To Gatwick yesterday, then, for the first meeting of the new Gatwick Passenger Panel that I told you about a while back. We took a tour through the much improved, light, airy and enormous north terminal, with its huge, covered outside area and modern glass frontage. After a slightly embarrassing journey through customs – who knew that I had three tubes of half-used handcream and four lipbalms (look, I love a lipbalm, I can’t help it. One of these days we’ll discuss the merits of Carmex vs Blistex, but not now, okay – people are looking), dropping my magazine and nearly strangling myself with my security pass when it got tangled with my scarf (I know, classy) – we arrived at our meeting room in the lovely passenger lounge.
The meeting was hosted by the gorgeous BBC News 24 presenter and all round lovely lass Penny Haslam (bit like herding cats, frankly – the poor girl did well to keep us all in order). We are a random bunch: John Carter (travel journalism LEGEND – who incidentally was a top bloke), the wonderful Jasmine Birtles from MoneyMagpie.com, incredibly knowledgable business travel journalist and editor Mike Toynbee and the Disabled Living Foundation’s Philippa Bromley with, of course, Gatwick’s CEO, Stewart Wingate (not forgetting the lovely Sarah from Gatwick and PR Ellie).
Times are a-changing for Gatwick. No longer under the umbrella of the BAA, they are free to be competitive and want people to actively choose to fly from Gatwick. They are investing hugely and are keen to provide a service second to none (the Apple effect, as Penny called it). The positive outcomes from these panel meetings, though, will benefit all travellers and, hopefully, improve the experience for passengers at all UK airports. No pressure, then.
We started off our panel discussions by listing the one thing for each of us that really makes or breaks our airport experience. Considering our diverse backgrounds and specialisms our answers were similar. It seems what most of us want out of an airport is information (but not an overload of it) and a general flow (as John eloquently put it) from checking in, through security, into departures and off onto our flight. We don’t want to get lost, we don’t want massive holdups through security, complicated technology or surly immigration officials. What we’d love is to see a friendly, helpful face or two – a nice light airy environment and an all-round pleasant experience.
From Stewart Wingate’s perspective, he was very open and honest about our views, telling us the feedback he’d received from other passenger surveys/complaints etc and he was, most importantly, really interested in what we all had to say.
From my own perspective, representing parents, the pitfalls of family travel are many and it was easy for me to list them: after setting off at 4am to the airport, your child has just fallen asleep in the buggy when the surly man at security wants to turf them out so that the buggy can go through the x-ray machine… You’ve just come off an 8 hour flight, with a child desperate for the loo, only to find a mile-long queue for just two toilets…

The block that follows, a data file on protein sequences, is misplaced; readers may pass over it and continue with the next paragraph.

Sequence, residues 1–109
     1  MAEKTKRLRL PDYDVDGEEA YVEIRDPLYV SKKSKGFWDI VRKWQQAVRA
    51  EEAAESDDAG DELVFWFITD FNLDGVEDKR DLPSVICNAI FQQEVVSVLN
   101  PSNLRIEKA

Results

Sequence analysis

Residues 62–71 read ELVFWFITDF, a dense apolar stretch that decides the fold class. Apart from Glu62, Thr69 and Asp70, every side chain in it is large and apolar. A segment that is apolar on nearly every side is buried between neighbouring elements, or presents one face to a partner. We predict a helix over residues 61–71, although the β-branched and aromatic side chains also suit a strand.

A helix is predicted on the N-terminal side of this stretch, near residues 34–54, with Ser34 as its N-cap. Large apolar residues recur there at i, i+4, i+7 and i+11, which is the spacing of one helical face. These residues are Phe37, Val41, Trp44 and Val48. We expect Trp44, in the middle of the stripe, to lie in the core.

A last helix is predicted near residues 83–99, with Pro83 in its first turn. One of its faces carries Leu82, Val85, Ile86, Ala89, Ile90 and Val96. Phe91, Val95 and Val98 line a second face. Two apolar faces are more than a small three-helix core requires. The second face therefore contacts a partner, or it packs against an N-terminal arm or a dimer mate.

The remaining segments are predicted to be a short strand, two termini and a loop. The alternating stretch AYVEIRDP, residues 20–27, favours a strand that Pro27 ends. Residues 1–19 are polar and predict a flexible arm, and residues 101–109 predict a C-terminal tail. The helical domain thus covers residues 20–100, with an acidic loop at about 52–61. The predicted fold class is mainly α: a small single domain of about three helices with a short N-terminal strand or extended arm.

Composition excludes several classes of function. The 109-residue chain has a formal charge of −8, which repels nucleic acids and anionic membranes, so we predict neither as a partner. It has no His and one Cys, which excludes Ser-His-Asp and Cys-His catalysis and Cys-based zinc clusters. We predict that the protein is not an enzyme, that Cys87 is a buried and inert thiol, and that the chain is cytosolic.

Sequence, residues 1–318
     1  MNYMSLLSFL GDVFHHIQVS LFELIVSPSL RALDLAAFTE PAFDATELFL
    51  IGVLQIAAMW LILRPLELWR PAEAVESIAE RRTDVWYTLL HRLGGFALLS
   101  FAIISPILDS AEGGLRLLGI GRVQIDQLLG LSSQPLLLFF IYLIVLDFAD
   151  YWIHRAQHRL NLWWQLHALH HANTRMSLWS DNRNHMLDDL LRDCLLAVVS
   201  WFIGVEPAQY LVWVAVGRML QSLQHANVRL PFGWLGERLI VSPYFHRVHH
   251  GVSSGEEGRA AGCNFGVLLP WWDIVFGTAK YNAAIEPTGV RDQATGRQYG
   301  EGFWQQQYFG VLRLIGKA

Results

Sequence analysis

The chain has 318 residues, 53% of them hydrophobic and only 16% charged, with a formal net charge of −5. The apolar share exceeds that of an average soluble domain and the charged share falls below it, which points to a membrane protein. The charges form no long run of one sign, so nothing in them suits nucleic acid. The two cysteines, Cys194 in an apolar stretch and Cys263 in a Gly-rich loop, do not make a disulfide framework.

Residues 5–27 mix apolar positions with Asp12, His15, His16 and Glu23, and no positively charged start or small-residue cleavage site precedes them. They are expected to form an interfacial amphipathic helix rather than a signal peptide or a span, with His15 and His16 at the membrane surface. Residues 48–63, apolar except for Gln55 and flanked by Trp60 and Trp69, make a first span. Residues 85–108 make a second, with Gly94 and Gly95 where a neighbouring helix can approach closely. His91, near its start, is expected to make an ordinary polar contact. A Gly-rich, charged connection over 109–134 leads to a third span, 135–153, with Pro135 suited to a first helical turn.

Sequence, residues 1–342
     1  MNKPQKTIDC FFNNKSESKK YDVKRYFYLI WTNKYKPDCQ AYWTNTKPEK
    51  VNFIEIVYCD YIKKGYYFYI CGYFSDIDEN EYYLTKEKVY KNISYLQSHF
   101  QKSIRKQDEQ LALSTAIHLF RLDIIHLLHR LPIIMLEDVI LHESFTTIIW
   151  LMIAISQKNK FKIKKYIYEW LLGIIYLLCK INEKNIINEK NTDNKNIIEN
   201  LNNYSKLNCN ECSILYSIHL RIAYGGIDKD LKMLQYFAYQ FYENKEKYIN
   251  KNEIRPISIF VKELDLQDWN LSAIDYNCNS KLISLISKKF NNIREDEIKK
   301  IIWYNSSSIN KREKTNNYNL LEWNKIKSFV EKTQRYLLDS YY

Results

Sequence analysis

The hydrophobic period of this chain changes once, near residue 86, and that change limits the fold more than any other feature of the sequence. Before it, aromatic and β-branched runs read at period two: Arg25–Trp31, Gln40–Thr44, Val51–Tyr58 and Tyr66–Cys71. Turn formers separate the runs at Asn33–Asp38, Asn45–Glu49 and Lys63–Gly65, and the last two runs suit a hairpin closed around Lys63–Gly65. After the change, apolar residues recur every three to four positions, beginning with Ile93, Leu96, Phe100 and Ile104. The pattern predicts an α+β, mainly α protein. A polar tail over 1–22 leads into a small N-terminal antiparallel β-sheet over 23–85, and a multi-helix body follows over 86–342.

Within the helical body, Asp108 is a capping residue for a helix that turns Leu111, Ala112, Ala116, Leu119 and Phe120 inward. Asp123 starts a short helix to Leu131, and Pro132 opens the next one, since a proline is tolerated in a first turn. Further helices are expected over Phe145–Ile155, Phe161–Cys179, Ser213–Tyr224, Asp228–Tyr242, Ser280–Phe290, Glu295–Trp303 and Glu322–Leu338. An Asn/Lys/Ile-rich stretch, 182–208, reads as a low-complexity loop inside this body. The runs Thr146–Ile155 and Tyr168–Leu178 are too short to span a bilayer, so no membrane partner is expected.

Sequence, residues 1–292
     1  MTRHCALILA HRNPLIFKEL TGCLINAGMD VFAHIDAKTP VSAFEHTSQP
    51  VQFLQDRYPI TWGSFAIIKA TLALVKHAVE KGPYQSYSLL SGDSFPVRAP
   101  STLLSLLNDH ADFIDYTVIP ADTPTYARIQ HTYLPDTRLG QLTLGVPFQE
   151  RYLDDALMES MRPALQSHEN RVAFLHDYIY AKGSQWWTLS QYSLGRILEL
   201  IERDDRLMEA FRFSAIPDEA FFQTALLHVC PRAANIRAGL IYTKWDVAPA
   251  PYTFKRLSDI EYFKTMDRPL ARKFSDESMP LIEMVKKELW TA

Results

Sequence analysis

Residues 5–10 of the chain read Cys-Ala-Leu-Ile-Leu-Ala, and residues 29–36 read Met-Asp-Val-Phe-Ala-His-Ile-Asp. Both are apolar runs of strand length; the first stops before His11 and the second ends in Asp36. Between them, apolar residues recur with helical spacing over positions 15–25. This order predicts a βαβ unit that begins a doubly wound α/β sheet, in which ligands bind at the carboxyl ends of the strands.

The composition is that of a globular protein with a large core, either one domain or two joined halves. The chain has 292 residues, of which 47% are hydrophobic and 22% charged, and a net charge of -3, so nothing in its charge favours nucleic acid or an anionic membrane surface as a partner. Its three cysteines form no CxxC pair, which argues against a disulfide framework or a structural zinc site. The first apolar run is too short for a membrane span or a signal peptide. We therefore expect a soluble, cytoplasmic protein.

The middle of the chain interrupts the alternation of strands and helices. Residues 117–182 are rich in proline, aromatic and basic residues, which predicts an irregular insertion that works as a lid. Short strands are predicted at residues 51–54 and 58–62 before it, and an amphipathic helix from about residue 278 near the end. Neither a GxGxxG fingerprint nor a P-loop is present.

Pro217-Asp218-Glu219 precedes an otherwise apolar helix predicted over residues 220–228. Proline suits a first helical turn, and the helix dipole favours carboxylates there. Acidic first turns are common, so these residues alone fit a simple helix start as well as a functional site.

But then consider the business traveller – they don’t generally care so much about shopping or duty free – they just want to get to their destination as quickly as possible. Things that would make the business travellers’ life easier aren’t so different to those of, say, parents, or the disabled – but maybe a day room where they can grab a quick shower between connecting flights would be nice – places to charge laptops, meeting rooms…
John also made a really valid point about older travellers – frustrated with huge queues, complicated check in procedures and invasive security checks, it seems that they’re moving away from the airports towards other forms of transport: the Eurostar being one of the major ones. I found this fascinating – and a bit disturbing.
But the biggest eye openers for me were the points raised by Philippa Bromley of the Disabled Living Foundation about the very diverse challenges faced by the disabled traveller: imagine how upsetting it must be, when travelling with a disabled child, to be confronted by a massive queue for security when you know your child will shout out and make noises, and other travellers will stare and make comments. Consider also how terrifying a disembodied automated voice could be for someone with, say, Autism or Alzheimer’s. Think how daunting it must be for a person with learning difficulties when confronted with an automated check-in. All these people must be considered, and Gatwick are determined to make travelling better for everyone.
All in all, it was an enjoyable, enlightening – and exhausting – day. My journey home was delayed in a rather comic fashion when our train appeared to have no driver. After a 20 minute hunt (and a bit of giggling during the announcements) a driver was found and I eventually got home safe and sound. I do admire those that rely on trains and tubes to get them to work every day – I’ll need a sofa day tomorrow to get over it.
More information on Gatwick Airport is available on their website: gatwickairport.com – and if there’s anything you’d like me to bring up at the meetings, feel free to contact me or leave a comment below.